Wednesday, April 18, 2012


We are in a souvenir shop on Main Street in the Magic Kingdom, capital of THE HAPPIEST PLACE ON EARTH!  A thunderstorm, the mandatory weather for Florida in August, has forced theme park goers into the stores, where Mickey t-shirts, toys, and tasty treats battle for the buyers' bottom dollar.

We enthusiastically scan the shelves, each of us determined to purchase a treasured keepsake from our gazillionth trip to Disney World.   My 14-year old daughter Melissa finds a shirt she loves, while my husband Bob chooses an eclectic brand of Mickey coffee.  I, on the other hand, carefully scrutinize stuffed dolls, buttons, magnets, picture frames,  board games, scrap books, sticker albums, candy, and pajamas, until I finally find a black t-shirt emblazoned with a golden Mickey that might, just might, fit my fickle figure.  

We make our way to the dressing room and in I go.  I pull the shirt over my head and sneak a peak in the mirror.  Success!  I can't wait to model my magical Mickey T for Bob and Melisssa!  

I unlock the door and turn the knob.  Nothing happens.  I try again.  Still nothing.

"The door won't open," I yell, as the all too familiar sensation of a quickening pulse and racing heartbeat threaten to overpower my senses.

Then, from outside the door, as my husband takes complete stock of the situation and anticipates my reaction to being stuck, I hear him utter two words that do not make me feel any better.  

"Oh Sh_ _!"

You see, Bob knows all will be well, and that I will not spend my life trapped inside a tiny dressing room in a souvenir shop in Disney World.   He also knows that he married a neurotic woman who suffers from claustrophobia and that, at that moment, said neurotic woman does believe she will be spending the rest of her life trapped inside a tiny dressing room in a souvenir shop in Disney World.

Bob and Melissa talk me through locking and unlocking and turning and pulling, and finally, the door swings open, and I break free from my horror-filled stay in Magic Kingdom prison!  (Alright, I admit, time spent in my "cell" amounted to less than five minutes...but still...)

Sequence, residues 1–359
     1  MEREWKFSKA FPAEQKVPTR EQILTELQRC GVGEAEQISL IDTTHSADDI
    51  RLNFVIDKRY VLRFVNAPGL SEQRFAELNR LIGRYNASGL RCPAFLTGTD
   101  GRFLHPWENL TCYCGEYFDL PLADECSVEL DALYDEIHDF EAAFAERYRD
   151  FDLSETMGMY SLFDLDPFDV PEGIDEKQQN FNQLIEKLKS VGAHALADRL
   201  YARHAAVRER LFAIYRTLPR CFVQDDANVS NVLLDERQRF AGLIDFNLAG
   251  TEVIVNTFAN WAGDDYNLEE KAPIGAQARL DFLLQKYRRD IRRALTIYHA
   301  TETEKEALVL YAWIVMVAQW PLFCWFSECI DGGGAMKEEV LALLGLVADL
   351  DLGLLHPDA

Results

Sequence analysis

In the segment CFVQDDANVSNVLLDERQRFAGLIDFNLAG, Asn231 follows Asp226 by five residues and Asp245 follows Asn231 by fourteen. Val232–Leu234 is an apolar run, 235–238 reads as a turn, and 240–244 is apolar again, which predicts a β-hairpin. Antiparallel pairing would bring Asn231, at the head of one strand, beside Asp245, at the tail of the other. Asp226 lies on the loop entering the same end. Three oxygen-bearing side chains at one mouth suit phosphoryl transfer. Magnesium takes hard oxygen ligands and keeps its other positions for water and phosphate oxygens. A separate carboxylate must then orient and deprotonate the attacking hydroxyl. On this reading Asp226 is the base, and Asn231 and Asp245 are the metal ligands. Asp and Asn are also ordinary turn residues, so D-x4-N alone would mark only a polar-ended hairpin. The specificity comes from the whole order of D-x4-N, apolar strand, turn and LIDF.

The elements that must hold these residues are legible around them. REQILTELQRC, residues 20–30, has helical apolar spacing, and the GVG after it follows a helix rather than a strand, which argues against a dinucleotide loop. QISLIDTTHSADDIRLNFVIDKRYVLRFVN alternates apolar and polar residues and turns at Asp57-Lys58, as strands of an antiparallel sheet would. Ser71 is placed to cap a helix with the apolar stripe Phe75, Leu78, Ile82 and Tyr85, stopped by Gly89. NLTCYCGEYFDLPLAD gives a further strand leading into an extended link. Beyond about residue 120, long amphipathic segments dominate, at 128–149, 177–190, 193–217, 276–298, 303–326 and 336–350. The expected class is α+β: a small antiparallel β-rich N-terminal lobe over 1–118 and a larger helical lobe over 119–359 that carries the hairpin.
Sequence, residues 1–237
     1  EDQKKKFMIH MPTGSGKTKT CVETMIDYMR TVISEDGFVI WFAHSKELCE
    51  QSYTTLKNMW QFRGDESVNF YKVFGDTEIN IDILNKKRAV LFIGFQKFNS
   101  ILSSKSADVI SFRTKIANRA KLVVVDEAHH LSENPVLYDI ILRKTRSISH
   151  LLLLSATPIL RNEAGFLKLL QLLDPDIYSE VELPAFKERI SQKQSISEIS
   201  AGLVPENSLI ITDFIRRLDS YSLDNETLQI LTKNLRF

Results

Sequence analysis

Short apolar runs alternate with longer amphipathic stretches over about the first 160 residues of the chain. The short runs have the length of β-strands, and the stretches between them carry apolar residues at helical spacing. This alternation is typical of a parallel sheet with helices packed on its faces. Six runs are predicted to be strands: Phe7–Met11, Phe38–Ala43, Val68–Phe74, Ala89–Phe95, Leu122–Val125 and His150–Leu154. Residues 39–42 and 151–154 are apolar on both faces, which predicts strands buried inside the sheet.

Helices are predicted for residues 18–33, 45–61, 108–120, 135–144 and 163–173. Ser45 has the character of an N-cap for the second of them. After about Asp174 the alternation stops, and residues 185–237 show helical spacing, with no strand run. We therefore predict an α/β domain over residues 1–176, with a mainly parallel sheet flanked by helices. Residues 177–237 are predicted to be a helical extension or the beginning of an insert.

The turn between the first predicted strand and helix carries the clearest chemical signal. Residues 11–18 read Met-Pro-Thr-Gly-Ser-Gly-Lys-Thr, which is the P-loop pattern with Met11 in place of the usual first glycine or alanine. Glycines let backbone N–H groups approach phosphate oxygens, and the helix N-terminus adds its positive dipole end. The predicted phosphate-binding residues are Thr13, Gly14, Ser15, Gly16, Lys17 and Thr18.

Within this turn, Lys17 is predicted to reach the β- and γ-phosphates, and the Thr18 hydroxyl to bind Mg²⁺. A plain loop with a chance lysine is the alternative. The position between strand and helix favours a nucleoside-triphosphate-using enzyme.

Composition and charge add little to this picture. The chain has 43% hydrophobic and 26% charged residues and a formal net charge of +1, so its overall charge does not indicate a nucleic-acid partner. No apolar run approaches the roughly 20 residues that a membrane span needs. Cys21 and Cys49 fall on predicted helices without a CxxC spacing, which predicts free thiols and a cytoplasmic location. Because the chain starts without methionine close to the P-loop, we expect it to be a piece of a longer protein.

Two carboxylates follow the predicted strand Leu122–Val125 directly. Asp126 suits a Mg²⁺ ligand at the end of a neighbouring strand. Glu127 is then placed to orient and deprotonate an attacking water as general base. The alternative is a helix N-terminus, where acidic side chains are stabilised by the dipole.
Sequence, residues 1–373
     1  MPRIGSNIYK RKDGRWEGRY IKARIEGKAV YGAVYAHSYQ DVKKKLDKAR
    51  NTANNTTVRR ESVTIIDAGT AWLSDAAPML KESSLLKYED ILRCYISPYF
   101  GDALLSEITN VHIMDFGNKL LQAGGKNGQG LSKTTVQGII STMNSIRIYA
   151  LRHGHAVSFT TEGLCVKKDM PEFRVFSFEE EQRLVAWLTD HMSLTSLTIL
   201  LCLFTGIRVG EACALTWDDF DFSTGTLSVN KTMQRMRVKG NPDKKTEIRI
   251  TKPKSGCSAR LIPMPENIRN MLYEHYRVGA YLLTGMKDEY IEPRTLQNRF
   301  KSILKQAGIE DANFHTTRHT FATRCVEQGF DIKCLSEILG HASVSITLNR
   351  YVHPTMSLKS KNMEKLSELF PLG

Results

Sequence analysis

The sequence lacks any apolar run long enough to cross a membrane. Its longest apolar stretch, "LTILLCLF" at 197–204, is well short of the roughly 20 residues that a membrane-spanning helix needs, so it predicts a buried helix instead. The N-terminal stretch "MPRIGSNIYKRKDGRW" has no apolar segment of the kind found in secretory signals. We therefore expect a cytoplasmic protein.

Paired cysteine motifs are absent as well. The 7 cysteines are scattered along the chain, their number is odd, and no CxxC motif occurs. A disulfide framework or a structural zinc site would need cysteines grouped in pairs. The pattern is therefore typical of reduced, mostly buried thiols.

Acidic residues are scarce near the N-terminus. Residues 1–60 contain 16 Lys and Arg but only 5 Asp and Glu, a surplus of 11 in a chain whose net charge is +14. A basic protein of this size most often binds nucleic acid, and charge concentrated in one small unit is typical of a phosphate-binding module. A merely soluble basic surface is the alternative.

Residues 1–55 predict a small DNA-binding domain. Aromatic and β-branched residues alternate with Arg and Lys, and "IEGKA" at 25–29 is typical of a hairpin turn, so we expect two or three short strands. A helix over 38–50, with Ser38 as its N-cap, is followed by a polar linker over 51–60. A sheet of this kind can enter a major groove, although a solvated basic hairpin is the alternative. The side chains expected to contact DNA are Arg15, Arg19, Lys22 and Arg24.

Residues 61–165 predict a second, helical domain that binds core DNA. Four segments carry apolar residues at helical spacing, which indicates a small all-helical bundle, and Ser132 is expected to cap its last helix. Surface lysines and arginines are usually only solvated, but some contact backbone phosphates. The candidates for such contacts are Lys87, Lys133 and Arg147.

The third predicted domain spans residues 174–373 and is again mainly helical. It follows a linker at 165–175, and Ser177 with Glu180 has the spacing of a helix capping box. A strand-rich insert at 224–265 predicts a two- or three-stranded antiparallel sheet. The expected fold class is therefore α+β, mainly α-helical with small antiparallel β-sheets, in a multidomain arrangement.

I have never quite understood my aversion to small, enclosed spaces.  It all has to do with a feeling of being trapped and out of control.  Forget the possibility of ever having an MRI, I would need general anesthesia before allowing them to slide my body into that tiny tube.  If an elevator door takes more than five seconds to open after it has landed on its designated floor, I readily conclude that the door will remain closed forever, and I'll be left inside, gasping for my last few breaths of air as I lie alone and forgotten.  

At my last job, I worked on the third floor.  To my colleagues, I seemed to embrace fitness and exercise, thanks to my "healthy" habit of climbing the steps every day, several times a day.  I encouraged that illusion, lest they know that three flights of stairs were a welcome alternative to the elevator death box of doom.

The worst experience came during a cruise vacation to Mexico.   The ship came equipped with a terrific camp program for kids of all ages, and Melissa, then the tender age of five, couldn't wait to leave her parents behind to join in the fun!

At the end of a fun-filled day, Bob and I, along with at least 50 other guests, boarded an extremely large elevator to take us on the long journey from deck number 1 all the way to the camp on deck number 9,  where my child sat patiently waiting for her mommy and daddy to pick her up.